Brosephus,

As in “Whoseya’daddy?” :lol:

Mick

September 13th, 2011
12:36 pm

bosch

Yeah, how quickly they forget the “ownership society”, of course the only thing you will hear from the cons is fannie & freddie,fannie & freddie,fannie & freddie,fannie & freddie,fannie & freddie,fannie & freddie,fannie & freddie,fannie & freddie, as if that was the whole of the problem…

RB from Gwinnett

September 13th, 2011
12:36 pm

“and deductions for the wealthy”

I’d like an example of a tax deduction that’s only available to wealthy people. Anybody got one?

Bosch

September 13th, 2011
12:37 pm

I encourage any wingnut who has ever blamed the housing crisis solely on the Democrats to watch that video at 12:31….

Aquagirl

September 13th, 2011
12:37 pm

And these bizarre neo-cons and meatwalls (!!) are inexplicably loving their showers…

Can we add “meatwall” to the Official Dictionary of Jay’s Blog? It says so much about folks with that unique combination of arrogance, cluelessness, and total disregard for others.

Jefferson

September 13th, 2011
12:37 pm

RB what about a $15000 mortgage interest deduction?

Bosch

September 13th, 2011
12:38 pm

Mick,

Yes, indeed, but you forgot the CRA!!! CRA!!! CRA!!! Which is like, irrelevant to the conversation, but wingnuts never let those silly facts get in their way.

DebbieDoRight

September 13th, 2011
12:39 pm

jm: Im sure that will make his base happy. But it will turn off independents, and shows he is making a pure effort to divide Washington rather than get a real stimulus bill passed.

Two thoughts.

A) What would you know about how independents would feel?

B) Obama has bent over backwards to accomodate repugs, to his detriment, and the repugs have done nothing to accomodoate anyone but their base, your comment is truly mind boggling. Republican agenda has been nothing more than to win in the next election — they don’t give a darn about the hardships of the “little people”. They only care about the people lining their pockets. HINT: It’s not one of those “little people”.

Republican Senators and Congressman should be tried and convicted for treason.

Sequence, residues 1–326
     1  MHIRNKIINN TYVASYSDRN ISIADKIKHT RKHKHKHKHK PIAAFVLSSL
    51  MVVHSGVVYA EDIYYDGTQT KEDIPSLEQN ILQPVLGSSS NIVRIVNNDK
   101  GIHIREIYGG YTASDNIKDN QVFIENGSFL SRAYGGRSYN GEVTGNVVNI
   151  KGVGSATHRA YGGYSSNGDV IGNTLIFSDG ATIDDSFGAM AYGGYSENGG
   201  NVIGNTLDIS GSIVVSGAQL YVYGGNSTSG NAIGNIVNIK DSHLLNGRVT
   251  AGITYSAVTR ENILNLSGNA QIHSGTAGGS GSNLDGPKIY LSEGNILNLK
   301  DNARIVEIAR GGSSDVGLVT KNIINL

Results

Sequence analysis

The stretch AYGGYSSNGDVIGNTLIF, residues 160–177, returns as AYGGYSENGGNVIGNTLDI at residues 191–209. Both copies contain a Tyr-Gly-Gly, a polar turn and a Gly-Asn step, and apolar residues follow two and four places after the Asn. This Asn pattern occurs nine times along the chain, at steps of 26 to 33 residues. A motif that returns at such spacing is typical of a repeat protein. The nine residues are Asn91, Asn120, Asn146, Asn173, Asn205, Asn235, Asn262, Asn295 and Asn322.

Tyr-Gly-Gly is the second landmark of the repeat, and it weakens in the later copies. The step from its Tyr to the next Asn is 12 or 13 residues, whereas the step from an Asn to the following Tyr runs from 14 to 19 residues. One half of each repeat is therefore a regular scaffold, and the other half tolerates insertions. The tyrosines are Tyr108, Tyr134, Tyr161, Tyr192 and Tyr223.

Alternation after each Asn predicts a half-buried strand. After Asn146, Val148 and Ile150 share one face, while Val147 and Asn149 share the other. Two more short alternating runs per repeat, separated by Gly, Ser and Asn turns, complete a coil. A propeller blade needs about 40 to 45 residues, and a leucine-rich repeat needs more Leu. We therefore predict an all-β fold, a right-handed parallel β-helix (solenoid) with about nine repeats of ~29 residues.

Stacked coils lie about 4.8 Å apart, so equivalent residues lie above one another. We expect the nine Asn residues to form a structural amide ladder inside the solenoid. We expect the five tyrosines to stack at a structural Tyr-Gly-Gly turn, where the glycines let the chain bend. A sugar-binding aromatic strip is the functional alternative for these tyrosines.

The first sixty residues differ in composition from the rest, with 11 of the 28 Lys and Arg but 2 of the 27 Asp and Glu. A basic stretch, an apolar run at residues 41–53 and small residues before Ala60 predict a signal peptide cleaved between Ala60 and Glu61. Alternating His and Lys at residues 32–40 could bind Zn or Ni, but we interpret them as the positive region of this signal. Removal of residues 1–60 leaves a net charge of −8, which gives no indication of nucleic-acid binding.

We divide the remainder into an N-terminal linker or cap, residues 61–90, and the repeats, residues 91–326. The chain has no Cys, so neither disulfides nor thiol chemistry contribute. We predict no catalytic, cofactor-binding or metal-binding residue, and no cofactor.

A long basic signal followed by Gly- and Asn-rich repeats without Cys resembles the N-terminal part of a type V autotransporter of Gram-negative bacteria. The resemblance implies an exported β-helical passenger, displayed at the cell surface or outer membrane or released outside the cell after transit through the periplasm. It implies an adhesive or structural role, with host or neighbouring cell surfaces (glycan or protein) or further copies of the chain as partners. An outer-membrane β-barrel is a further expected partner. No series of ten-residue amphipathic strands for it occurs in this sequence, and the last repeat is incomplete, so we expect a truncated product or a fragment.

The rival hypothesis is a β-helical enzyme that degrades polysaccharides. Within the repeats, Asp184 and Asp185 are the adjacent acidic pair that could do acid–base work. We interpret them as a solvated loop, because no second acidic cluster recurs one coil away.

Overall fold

Jefferson

September 13th, 2011
12:39 pm

Or a $30000 charity contribution.

Joe Mama

September 13th, 2011
12:39 pm

RB — “I’d like an example of a tax deduction that’s only available to wealthy people. Anybody got one?”

Uncapped itemized deductions (not worth it to itemize unless you’re wealthy anyway; 2005 legislation eliminated the cap on how many deductions you could benefit from at one time)

no limit on Homeowner interest tax credit (any size first home qualifies)

subsidized Federal Crop Insurance program (farm sizes are limited but wealthy farmers can just break up their large farm into multiple units and submit multiple claims for subsidies)

the “Supporting Organizations” loophole (can donate assets to “Supporting Organizations”, avoid tax on the assets and yet keep control of the assets themselves)

Step-Up basis of capital gains at death

Want more?

AmVet - Read my lips. No new Texans!

September 13th, 2011
12:40 pm

“…bush look like a rocket scientist.”

Actually George always reminded me more of this guy…

http://www.youtube.com/watch?v=G-tCIRJH9p0&feature=related

Shorty, yeah.

Forget the voodoo economics, you Reagan-adoring, Arnold Einsteins.

getalife

September 13th, 2011
12:41 pm

They blame the dems because they take no personal responsibility for their actions.

We should have listened to President Clinton not gramm or greenspan.

The gop have no solutions except to deregulate the banks for another mortgage bubble.

They never admit their mistakes so they can use them again.

They got nothing new to offer except go back not forward.

They are defeatists and quitters.

They will lose.

RB from Gwinnett

September 13th, 2011
12:43 pm

“RB what about a $15000 mortgage interest deduction?” $30K donation.

Everything Joe Mama listed. All available to anybody and everybody. Sorry.

If I make $30K/year and want to donate all of it, I can do that and take the deduction.

Still waiting for VALID deduction only available to wealthy people. Anybody?

getalife

September 13th, 2011
12:45 pm

RB,

Do you listen to Huntsman?

RB from Gwinnett

September 13th, 2011
12:46 pm

How about you Jay? You made the comment. What deductions for wealty people were you referring to?

Or are you just stirring the class warfare pot for your minions?

Be specific and please include the dollar value on the deduction that classifies one as “wealthy”. Thanks in advance for either an example or a retraction of your erroneous comment…

USinUK

September 13th, 2011
12:47 pm

“Still waiting for VALID deduction only available to wealthy people. Anybody?”

when ONLY the wealthy can take advantage of it because they are the ONLY people who have rental properties / stocks / etc, then it is only available to wealthy people.

getalife

September 13th, 2011
12:48 pm

“class warfare”.

Did you listen to Huntsman RB?

He answered your question last night.

USinUK

September 13th, 2011
12:48 pm

woohoo!!!

minions!!

I always wanted to be a minion.

(by the way, is that also shorthand for minced onion?)

Mick

September 13th, 2011
12:49 pm

rb

Create a little corporate entity for yourself and the sky is the limit…

mm

September 13th, 2011
12:49 pm

The only tax breaks should be for companies that hire the unemployed and companies that bring their jobs back to the US. Slap a tariff on all the cheap junk coming in from China and India and then the job market will come roaring back.